When an Underage Person Causes a Car Accident Can They Be Held Liable for the Damages and Injuries?

There is no doubt that an adult can and should be held responsible if their actions lead to another person’s suffering and injury. What transpires, then, if the individual who endangered someone was a minor? Can you get paid for your damages in this situation? The Law Offices of Larry H. Parker can be reached at 800-333-0000 for your free legal consultation after you have finished reading to learn the facts.

Only specific circumstances allow minors to be held accountable for causing harm

The bad news is that juveniles are typically not liable for injuries they cause under the law. There are a few exceptions, which is good news because you’ve located a personal injury lawyer who can assist you figure out whether your situation qualifies. You will not be suing the kid in these situations; rather, you will be suing the minor’s parent or legal guardian.

In cases of intentional misconduct, you might be able to file a lawsuit

If a minor’s parent or guardian engages in willful and intentional behavior that causes harm, you may sue them in accordance with California law. A teenager who physically assaults someone is one illustration. They might be made to pay for their parents’ hospital, dental, and medical bills.

Parents must take responsibility for their kids’ access to firearms

Parents may be held responsible for their child’s injuries or property damage if they give them access to a firearm or leave one available to them. California currently permits recovery of up to $30,000 for a single death or injury, and up to $60,000 for all deaths or injuries in a single occurrence.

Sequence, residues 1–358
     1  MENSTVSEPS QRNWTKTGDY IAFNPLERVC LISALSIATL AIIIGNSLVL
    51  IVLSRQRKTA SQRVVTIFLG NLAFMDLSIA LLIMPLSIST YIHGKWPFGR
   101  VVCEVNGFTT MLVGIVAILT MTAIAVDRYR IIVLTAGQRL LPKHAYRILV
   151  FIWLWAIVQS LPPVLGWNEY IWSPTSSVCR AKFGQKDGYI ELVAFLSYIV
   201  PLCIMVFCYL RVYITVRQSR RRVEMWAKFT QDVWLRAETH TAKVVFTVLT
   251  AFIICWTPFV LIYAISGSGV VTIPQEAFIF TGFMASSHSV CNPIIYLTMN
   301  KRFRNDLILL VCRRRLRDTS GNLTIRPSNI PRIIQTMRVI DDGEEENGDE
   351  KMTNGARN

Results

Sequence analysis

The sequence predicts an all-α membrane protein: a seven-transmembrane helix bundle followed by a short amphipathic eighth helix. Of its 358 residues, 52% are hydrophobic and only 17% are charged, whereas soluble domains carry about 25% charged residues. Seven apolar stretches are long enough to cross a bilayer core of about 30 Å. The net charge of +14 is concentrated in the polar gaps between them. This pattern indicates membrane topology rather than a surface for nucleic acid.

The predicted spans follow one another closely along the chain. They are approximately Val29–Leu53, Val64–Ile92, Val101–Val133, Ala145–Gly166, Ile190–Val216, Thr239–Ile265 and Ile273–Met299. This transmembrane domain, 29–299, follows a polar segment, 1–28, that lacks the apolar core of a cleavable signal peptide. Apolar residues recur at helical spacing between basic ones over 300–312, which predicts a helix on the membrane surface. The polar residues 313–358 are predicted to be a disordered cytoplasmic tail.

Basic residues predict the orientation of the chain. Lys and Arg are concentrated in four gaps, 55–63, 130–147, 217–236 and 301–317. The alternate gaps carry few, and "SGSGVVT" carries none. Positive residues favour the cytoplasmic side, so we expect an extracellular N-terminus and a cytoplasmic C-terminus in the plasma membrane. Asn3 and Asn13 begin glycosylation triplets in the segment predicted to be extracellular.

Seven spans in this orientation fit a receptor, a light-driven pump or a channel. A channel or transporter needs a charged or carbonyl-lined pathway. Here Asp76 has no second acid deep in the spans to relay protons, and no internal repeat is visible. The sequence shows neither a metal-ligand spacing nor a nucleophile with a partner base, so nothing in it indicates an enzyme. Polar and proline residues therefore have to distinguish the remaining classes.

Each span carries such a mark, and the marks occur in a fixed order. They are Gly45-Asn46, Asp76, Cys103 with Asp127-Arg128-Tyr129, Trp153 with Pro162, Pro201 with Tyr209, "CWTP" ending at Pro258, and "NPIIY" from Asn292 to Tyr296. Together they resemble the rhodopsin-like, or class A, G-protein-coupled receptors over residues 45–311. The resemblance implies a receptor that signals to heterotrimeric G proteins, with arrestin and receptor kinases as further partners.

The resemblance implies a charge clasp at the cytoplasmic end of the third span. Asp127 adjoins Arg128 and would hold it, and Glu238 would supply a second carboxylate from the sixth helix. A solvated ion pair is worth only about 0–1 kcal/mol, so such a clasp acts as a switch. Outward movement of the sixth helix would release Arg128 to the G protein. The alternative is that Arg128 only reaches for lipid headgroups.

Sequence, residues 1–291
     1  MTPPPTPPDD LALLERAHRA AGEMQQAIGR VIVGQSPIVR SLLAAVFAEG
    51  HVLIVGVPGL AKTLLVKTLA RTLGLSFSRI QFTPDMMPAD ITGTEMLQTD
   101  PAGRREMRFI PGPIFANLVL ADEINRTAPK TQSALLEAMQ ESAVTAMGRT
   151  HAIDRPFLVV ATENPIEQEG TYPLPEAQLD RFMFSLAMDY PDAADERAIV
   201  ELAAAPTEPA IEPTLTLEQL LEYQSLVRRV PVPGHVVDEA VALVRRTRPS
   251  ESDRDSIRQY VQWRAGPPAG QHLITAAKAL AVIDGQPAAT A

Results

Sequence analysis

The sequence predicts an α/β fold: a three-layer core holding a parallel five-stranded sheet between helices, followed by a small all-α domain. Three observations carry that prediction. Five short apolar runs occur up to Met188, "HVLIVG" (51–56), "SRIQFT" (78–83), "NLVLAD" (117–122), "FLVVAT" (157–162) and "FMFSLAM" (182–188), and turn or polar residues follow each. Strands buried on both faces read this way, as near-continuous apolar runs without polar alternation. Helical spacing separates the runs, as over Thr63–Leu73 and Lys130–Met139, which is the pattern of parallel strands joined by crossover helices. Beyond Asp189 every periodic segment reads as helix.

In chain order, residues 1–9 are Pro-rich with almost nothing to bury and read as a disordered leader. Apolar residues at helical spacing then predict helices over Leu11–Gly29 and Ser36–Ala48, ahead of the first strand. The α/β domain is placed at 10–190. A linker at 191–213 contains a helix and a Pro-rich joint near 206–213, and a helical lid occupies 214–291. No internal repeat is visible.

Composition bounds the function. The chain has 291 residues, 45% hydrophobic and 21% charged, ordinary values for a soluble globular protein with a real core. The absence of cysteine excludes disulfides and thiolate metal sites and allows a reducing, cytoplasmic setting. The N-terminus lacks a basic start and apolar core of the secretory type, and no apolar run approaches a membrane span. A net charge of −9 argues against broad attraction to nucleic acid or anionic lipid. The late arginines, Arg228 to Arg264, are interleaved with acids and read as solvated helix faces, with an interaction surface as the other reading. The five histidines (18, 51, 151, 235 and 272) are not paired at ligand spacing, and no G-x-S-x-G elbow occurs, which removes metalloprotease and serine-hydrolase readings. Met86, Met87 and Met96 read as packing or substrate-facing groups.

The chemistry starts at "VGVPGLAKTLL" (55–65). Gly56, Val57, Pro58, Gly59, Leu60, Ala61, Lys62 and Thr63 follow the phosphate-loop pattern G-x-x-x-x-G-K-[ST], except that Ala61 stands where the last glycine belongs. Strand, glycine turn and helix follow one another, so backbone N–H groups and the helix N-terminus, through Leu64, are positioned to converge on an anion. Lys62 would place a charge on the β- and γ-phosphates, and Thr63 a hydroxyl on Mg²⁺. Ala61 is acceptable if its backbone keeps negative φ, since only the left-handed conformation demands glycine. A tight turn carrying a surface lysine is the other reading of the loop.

You might be able to recover damages if a minor was at fault for your injuries in a car accident

Parents or the adult who signed a minor’s driver’s license application may be held legally responsible for your injuries if the minor carelessly causes a car accident, such as by texting while operating a motor vehicle. The minor must have had the child’s express or implicit permission to drive, nevertheless. The parent would not be held accountable, for instance, if the youngster drove away in the family car while the adults were sleeping despite being ordered not to.

In other circumstances, when the parent knew their child was driving, the victim may be entitled to compensation of up to $15,000 for each injury, $30,000 for all injuries sustained in a single accident, and $5,000 for property damage. There might be further strategies for money recovery. For a free legal consultation, contact a personal injury lawyer by calling The Law Offices of Larry H. Parker at 800-333-0000 right away. The best legal solutions can be determined after discussing your case.